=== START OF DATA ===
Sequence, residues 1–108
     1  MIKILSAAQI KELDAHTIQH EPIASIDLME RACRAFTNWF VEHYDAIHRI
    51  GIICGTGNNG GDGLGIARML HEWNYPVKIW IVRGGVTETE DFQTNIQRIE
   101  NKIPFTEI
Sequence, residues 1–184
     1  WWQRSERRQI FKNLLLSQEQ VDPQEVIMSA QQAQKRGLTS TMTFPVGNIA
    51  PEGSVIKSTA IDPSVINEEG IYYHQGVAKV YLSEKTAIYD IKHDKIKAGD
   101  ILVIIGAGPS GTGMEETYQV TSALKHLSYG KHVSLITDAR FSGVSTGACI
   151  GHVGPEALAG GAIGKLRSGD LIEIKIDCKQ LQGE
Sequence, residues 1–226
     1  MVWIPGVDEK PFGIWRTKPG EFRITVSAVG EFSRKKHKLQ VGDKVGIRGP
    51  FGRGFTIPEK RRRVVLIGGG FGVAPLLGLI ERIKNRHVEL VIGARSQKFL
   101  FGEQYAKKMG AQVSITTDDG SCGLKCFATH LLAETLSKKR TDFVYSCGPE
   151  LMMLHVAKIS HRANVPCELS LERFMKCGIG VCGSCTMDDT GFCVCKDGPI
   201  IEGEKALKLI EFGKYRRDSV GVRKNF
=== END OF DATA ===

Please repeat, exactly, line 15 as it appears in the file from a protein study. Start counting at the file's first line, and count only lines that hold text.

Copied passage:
   201  IEGEKALKLI EFGKYRRDSV GVRKNF